Moriah Cowles and Chelsea Miller are both 30 and slender with long dark hair. Both grew up in Vermont with fathers who work with their hands and both now do the same in Brooklyn where they have each built a reputation for crafting high-end kitchen knives.
Although neither likes to make a big deal about it, the two young women have also made their mark in a traditionally male-dominated field.
At the very end of 2012, Miller landed on the highly regarded annual 100 list published by “Saveur” magazine, which called her “beautiful” knives “at once sensuous and solid, whimsical and practical, rough-hewn and precise.”
In July, Cowles and her “amazing … perfectly balanced knives” were featured in an interview on the website of internationally renowned chef-restaurateur Marcus Samuelsson.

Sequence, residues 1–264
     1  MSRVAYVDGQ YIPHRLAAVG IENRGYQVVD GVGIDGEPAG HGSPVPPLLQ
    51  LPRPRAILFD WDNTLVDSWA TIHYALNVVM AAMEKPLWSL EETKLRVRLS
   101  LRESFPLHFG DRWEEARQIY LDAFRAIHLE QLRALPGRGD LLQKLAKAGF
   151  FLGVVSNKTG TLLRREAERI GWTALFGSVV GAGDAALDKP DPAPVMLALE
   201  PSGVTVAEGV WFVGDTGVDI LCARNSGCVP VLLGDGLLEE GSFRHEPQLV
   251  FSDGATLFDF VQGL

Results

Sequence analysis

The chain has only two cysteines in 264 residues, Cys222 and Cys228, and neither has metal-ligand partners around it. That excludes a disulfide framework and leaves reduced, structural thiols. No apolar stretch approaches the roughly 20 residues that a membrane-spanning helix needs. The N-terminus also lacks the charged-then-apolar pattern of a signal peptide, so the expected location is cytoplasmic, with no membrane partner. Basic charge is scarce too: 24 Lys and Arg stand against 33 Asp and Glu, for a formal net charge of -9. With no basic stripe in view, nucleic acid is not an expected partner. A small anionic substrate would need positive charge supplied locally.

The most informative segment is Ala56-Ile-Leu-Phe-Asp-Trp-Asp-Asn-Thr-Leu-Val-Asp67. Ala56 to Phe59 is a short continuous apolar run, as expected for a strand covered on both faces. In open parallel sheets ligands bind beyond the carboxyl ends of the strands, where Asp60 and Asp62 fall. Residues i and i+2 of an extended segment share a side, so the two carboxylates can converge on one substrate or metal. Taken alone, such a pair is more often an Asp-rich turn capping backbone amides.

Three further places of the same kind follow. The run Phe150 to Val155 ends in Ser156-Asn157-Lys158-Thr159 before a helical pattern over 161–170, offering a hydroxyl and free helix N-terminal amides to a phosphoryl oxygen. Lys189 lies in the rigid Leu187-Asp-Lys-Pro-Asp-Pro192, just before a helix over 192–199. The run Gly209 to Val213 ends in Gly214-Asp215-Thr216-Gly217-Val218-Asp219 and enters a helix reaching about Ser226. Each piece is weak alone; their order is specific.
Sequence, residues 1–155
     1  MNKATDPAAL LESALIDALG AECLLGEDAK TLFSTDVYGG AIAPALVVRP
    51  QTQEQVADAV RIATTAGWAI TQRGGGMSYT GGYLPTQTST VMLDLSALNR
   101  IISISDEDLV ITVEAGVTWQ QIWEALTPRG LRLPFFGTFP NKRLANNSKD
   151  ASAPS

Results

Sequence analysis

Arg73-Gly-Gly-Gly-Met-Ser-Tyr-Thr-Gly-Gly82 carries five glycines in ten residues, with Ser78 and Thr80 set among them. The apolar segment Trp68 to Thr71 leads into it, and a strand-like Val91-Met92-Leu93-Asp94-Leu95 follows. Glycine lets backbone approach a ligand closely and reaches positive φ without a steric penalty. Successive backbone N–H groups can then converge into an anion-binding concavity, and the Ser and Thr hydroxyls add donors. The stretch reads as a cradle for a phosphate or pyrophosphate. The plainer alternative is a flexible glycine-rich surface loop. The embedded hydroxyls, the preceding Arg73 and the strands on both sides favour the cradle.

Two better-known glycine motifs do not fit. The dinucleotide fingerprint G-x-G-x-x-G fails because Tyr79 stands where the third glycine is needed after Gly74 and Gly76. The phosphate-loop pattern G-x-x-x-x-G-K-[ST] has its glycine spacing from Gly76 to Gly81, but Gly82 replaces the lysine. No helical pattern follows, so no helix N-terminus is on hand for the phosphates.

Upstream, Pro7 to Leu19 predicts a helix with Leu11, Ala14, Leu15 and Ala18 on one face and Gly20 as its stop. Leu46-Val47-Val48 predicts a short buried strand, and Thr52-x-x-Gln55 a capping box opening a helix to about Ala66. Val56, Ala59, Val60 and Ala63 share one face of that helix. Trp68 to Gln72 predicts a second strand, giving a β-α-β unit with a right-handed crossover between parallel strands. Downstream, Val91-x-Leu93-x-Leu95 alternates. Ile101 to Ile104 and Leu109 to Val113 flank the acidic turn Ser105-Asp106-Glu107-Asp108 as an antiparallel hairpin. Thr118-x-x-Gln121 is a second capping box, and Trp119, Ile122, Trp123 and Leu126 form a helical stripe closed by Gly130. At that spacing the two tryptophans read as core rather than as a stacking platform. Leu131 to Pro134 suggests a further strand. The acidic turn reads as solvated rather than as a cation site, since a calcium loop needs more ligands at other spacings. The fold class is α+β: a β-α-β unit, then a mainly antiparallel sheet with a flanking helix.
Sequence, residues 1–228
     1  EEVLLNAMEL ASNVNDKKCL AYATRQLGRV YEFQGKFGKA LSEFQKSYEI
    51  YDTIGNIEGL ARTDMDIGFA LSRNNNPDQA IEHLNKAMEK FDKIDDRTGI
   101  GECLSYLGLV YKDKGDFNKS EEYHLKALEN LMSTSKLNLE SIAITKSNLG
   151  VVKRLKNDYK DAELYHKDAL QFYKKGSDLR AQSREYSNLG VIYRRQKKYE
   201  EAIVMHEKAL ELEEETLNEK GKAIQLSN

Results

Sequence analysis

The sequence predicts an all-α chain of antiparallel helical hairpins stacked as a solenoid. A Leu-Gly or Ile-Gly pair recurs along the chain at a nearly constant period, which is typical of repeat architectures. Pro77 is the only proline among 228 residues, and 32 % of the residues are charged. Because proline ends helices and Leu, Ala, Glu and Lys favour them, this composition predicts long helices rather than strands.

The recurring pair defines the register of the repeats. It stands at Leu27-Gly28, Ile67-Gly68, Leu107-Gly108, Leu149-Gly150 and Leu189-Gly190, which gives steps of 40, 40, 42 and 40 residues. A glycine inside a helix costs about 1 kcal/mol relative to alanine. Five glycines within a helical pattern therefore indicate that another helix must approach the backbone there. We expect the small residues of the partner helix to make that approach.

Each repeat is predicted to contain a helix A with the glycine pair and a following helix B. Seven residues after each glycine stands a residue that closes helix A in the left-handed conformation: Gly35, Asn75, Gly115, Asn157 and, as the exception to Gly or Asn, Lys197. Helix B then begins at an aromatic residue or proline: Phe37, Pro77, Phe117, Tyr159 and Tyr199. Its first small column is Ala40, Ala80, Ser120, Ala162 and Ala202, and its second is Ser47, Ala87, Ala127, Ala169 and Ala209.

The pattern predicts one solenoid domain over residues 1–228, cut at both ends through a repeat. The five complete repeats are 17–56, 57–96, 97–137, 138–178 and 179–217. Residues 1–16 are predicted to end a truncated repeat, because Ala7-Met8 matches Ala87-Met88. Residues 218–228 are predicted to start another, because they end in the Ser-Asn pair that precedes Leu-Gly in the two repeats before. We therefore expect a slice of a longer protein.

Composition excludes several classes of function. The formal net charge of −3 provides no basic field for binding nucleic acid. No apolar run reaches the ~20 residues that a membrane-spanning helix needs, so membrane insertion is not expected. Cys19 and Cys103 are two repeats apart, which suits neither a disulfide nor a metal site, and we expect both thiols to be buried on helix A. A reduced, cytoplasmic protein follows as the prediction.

“When I heard there was another girl from Vermont making knives in Brooklyn,” Miller said recently, “I couldn’t believe it.”
While the two have much in common (including busy schedules that have, so far, precluded them from meeting in person), each has her own story and style, shared recently on trips home before the holiday gift season engulfed them.